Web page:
The Daily Need

Want to lose weight fast? Try breastfeeding!

Want to lose weight fast?

A new advertisement promotes breastfeeding as a way to drop a few jeans sizes.

The benefits of breastfeeding — including higher IQs, lower rates of infection, and reduced risk of obesity and heart disease later in life for the child, as well as reduced risk of breast cancer, and yes, accelerated postpartum weight loss for the mother — are well documented. And government efforts to promote breastfeeding are nothing new: In 1978, the U.S. government set the goal of increasing “to at least 75 percent the proportion of mothers who exclusively or partially breastfeed their babies in the early postpartum period and to at least 50 percent the proportion who continue to breastfeed until their babies are 5 to 6 months old.”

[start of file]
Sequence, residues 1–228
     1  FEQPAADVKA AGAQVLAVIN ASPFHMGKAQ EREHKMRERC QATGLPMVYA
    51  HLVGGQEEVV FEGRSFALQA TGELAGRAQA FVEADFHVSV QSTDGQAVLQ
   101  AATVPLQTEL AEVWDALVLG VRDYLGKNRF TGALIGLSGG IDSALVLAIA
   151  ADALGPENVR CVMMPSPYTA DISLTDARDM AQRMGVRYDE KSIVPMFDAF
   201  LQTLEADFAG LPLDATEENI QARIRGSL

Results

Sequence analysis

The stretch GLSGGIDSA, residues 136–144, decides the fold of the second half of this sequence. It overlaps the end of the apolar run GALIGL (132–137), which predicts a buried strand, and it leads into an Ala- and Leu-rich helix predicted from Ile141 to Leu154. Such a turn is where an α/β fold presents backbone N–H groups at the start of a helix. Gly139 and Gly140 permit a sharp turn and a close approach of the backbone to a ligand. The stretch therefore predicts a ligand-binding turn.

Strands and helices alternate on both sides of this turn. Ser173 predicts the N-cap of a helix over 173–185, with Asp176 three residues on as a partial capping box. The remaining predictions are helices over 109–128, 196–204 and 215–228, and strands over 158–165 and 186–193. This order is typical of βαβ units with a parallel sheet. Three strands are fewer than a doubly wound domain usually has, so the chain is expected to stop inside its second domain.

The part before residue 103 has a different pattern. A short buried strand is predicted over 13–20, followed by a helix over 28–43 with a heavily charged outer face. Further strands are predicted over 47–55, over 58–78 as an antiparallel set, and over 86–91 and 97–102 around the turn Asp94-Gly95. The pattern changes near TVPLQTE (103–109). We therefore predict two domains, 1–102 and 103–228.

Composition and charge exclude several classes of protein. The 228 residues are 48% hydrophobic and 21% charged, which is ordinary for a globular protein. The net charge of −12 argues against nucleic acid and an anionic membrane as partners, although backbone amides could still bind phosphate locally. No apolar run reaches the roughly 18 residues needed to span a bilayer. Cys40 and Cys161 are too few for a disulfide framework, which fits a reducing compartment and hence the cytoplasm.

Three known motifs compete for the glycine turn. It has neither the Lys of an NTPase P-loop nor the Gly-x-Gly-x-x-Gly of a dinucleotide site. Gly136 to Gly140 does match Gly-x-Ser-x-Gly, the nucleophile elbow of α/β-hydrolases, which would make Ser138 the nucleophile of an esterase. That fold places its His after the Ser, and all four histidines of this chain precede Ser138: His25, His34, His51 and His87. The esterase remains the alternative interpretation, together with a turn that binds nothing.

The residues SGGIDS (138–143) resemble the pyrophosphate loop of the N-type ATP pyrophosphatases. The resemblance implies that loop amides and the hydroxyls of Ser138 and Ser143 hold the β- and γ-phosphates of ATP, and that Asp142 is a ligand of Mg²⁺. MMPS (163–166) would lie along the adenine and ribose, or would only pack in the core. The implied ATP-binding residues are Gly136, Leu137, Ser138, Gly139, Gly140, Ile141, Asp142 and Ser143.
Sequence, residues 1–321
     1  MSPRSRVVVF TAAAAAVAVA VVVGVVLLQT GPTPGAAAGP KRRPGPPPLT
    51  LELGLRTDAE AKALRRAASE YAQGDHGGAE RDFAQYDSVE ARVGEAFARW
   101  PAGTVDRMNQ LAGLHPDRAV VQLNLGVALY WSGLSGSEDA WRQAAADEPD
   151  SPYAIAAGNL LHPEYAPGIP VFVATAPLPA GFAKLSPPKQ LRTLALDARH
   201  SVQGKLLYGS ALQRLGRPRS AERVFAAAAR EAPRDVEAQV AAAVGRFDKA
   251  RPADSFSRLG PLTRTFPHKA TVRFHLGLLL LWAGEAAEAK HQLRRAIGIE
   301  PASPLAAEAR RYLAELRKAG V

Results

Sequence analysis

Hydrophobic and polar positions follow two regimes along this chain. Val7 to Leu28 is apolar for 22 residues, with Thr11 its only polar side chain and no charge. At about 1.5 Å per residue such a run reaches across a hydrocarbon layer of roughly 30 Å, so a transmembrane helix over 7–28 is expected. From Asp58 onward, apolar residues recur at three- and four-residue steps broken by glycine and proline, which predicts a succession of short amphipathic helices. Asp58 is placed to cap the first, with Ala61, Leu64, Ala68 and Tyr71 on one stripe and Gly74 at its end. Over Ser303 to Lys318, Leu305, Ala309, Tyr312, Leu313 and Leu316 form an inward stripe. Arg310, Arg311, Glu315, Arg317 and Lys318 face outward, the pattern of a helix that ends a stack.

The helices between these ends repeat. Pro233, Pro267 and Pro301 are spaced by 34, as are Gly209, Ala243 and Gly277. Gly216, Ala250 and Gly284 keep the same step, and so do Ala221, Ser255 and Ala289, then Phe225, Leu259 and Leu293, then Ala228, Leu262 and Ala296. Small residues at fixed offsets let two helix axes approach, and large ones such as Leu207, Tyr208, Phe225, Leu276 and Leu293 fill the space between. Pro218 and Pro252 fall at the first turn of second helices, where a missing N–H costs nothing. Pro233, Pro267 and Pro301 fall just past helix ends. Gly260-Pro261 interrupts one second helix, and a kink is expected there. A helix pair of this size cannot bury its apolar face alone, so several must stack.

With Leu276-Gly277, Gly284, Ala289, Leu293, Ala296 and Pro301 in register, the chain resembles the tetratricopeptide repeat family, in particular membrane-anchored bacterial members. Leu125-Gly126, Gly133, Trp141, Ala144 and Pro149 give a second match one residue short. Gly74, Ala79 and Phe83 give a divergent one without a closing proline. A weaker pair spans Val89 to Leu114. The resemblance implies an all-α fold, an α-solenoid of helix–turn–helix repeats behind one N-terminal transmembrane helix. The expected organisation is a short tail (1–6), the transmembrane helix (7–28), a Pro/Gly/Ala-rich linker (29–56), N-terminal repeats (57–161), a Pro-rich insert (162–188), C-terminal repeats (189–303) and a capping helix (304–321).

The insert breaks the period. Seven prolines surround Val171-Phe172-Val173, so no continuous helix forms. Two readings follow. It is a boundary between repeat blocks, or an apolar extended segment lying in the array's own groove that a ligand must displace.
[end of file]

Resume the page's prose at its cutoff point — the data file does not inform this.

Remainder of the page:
The jean-size ad is a great attention grabber, and the immediacy and tangibility of postpartum weight loss might be more convincing to some than the abstract promise of higher IQs and lower rates of heart disease later in the baby’s life. The ad is part of a $1.6 million, two-month campaign sponsored by the New York State Department of Health and targeted at lower-income women, who, according to the national Centers for Disease Control and Prevention, are less likely to breastfeed than other mothers. (Though culture might play a bigger role than income: Latina women, with roots in countries where breastfeeding is more prevalent, are actually the most likely to breastfeed, while African-American women, for a complex set of reasons including a history of black domestic servants serving as wet nurses and a lingering perception of formula as a sign of prestige, are the least). The campaign also includes spots about the health benefits of breastfeeding.